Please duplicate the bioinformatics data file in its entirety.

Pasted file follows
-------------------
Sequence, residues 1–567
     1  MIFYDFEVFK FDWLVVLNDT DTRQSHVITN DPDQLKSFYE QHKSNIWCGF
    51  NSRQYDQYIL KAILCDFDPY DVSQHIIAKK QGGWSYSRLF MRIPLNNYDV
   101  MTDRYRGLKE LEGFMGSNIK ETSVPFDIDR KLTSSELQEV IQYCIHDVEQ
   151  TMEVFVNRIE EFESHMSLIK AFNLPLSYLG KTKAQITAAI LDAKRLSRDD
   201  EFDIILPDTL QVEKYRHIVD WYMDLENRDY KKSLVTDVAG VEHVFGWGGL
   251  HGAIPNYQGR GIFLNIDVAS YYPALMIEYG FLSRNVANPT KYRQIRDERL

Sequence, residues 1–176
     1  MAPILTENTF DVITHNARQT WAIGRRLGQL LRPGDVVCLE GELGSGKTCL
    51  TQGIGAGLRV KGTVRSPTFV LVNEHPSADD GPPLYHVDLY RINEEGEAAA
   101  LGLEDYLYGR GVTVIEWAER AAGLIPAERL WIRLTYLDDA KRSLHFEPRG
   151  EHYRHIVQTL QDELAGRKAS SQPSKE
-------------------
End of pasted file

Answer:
Sequence, residues 1–567
     1  MIFYDFEVFK FDWLVVLNDT DTRQSHVITN DPDQLKSFYE QHKSNIWCGF
    51  NSRQYDQYIL KAILCDFDPY DVSQHIIAKK QGGWSYSRLF MRIPLNNYDV
   101  MTDRYRGLKE LEGFMGSNIK ETSVPFDIDR KLTSSELQEV IQYCIHDVEQ
   151  TMEVFVNRIE EFESHMSLIK AFNLPLSYLG KTKAQITAAI LDAKRLSRDD
   201  EFDIILPDTL QVEKYRHIVD WYMDLENRDY KKSLVTDVAG VEHVFGWGGL
   251  HGAIPNYQGR GIFLNIDVAS YYPALMIEYG FLSRNVANPT KYRQIRDERL

Sequence, residues 1–176
     1  MAPILTENTF DVITHNARQT WAIGRRLGQL LRPGDVVCLE GELGSGKTCL
    51  TQGIGAGLRV KGTVRSPTFV LVNEHPSADD GPPLYHVDLY RINEEGEAAA
   101  LGLEDYLYGR GVTVIEWAER AAGLIPAERL WIRLTYLDDA KRSLHFEPRG
   151  EHYRHIVQTL QDELAGRKAS SQPSKE